Most UK companies are unconvinced about deploying their own big data analytics systems, according to research from data storage and analytics company EMC.
EMC questioned 455 UK IT decision makers for its research and found that while 75 percent of respondents reported that decisions in their organisation could be improved with a better use of data, only 37 percent agreed that their senior teams trust big data insights to make truly transformative business decisions.
So far only 21 percent have achieved a competitive advantage as a result of big data analytics technology and only 44 percent believed that industries that succeed will be the same ones using such tools.
Again, only 37 percent of respondents agreed that big data technology will prove vital in identifying and protecting against cyber-attacks.
Thirty-two percent of companies surveyed have no current plans for implementing big data technology.
Alternatively, insight gathered from external third-parties, such as peers, partners and industry bodies (62 percent) was the most important factor for overall business decision making.
The most common reason cited as the inhibitor to big data adoption was "no clear business case or proven ROI (48 percent).
Despite the negativity among survey respondents around big data, Jason Ward, UKI North Director at EMC, said: “This research shows that companies in the UK are increasingly seeing the transformative benefits that are achievable with big data analytics technology.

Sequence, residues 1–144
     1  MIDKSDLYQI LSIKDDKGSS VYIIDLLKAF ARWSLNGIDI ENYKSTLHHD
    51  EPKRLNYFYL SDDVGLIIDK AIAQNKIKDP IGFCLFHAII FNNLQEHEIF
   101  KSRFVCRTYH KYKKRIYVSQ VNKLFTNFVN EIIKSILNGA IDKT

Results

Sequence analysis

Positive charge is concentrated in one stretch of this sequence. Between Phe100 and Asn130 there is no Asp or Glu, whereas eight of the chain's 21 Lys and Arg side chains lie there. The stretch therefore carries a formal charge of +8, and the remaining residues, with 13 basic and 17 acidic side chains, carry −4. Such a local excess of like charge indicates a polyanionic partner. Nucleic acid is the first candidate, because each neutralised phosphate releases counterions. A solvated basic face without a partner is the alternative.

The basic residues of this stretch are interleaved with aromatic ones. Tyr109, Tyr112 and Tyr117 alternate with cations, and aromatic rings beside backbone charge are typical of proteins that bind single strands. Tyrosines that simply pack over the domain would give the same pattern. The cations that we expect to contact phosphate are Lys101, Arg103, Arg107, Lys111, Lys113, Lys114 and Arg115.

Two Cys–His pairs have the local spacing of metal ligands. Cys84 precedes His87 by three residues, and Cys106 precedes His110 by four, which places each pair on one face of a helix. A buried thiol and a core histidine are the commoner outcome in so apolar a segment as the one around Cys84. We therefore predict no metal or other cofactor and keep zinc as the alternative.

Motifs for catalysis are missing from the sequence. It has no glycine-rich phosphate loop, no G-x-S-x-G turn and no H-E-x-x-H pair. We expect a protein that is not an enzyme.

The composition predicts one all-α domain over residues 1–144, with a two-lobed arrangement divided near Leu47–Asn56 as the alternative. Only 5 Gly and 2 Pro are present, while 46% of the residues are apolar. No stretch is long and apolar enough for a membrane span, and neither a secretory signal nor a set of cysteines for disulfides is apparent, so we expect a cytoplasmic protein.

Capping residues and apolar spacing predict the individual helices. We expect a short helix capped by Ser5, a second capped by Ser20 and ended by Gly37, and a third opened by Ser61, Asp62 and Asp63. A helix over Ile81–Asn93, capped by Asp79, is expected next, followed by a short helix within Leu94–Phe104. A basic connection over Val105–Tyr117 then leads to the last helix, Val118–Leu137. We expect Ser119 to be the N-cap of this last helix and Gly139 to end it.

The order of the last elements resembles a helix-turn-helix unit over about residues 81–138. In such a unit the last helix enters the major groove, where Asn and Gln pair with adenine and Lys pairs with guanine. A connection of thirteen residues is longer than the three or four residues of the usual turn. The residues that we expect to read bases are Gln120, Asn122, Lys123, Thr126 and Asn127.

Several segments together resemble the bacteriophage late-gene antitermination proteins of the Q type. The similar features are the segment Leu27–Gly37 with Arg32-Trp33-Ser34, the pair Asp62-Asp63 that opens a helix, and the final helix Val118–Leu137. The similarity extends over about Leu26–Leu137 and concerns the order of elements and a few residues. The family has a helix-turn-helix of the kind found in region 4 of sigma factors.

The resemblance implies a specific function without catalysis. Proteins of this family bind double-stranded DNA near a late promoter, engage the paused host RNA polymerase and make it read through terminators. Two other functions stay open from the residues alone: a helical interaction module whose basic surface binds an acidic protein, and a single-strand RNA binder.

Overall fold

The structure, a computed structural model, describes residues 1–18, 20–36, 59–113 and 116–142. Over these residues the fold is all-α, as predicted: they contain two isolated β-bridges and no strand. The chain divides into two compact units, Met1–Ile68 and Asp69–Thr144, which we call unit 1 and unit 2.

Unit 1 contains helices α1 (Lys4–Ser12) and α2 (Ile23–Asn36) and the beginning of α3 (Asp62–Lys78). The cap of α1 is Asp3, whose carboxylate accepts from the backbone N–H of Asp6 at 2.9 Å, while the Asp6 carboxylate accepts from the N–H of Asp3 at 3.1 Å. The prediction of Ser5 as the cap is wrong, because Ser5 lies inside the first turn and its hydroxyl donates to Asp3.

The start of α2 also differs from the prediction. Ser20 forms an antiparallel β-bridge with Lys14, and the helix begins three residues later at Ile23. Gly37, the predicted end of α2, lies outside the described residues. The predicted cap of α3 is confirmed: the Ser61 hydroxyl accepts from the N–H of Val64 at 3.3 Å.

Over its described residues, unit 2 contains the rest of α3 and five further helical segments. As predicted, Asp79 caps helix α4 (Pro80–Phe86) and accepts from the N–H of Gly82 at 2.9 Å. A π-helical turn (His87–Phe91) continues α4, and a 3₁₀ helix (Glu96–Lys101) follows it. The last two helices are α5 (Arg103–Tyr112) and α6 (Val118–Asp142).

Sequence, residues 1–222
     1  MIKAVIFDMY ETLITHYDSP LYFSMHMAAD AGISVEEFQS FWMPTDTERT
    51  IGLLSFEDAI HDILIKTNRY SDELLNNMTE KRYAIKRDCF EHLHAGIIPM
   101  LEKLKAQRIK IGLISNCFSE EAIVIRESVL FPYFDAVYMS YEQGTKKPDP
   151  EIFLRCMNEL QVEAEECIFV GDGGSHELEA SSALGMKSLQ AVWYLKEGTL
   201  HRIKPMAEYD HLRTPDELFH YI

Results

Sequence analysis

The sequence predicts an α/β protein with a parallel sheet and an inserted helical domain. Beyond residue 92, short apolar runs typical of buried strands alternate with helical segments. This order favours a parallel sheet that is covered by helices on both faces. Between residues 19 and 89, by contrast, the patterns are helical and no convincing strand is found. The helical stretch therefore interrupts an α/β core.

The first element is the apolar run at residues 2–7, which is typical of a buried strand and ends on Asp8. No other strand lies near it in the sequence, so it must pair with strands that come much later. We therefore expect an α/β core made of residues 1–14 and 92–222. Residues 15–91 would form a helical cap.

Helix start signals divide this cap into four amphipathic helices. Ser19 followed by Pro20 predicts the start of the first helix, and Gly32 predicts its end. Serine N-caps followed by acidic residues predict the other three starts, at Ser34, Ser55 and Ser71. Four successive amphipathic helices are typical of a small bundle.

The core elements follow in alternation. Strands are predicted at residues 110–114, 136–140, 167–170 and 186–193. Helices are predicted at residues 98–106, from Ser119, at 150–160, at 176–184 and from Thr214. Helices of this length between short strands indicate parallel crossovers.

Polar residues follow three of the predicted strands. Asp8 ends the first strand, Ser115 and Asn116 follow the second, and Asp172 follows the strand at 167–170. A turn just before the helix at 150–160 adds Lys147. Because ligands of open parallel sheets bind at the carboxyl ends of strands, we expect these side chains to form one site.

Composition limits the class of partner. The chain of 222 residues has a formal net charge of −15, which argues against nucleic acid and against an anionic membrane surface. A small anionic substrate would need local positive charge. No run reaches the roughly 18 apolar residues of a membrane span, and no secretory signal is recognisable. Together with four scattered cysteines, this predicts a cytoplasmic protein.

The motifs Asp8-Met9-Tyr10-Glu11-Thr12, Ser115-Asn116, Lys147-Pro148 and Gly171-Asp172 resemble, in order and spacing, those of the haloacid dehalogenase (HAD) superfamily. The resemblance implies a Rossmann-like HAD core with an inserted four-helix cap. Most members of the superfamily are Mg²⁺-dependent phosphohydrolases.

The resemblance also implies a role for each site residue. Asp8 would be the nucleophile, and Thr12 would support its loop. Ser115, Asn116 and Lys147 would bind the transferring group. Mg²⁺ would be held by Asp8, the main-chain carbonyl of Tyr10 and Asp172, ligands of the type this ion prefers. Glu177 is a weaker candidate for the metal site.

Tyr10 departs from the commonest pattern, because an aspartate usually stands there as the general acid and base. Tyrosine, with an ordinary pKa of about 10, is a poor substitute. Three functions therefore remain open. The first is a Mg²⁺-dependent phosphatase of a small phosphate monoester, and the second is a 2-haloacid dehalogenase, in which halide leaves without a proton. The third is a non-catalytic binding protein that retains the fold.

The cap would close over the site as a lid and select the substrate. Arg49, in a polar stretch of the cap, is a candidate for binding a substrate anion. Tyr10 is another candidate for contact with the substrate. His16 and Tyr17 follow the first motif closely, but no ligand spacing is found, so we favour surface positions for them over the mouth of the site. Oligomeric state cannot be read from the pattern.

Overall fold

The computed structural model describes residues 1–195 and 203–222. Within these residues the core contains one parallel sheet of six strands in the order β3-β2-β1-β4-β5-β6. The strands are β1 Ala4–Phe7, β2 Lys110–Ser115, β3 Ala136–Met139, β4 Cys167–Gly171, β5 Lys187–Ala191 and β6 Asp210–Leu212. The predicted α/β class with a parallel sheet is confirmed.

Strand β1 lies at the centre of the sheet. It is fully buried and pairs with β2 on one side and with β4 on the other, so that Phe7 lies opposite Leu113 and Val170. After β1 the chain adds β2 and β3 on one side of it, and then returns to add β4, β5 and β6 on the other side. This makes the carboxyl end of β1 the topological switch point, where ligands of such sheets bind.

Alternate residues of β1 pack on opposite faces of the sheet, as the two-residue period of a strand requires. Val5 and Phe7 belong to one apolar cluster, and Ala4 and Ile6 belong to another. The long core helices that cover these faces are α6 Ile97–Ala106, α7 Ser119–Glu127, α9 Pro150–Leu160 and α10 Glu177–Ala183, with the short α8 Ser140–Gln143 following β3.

"Not only are senior management executives beginning to engage with the idea of big data analytics, but many businesses are aware of the huge competitive advantages the technology brings as well as the security benefits."
Keith Humphreys, managing consultant at euroLAN, added: “With 68 percent of the companies planning on implementing big data technology, it compares favourably with other results across Europe.
"The survey has already been published in Germany and Benelux where expected adoption is equally high."
EMC polled a total of 455 businesses, including IT management and executives, technical architects, data scientists and storage/infrastructure managers from a range of businesses in the UK.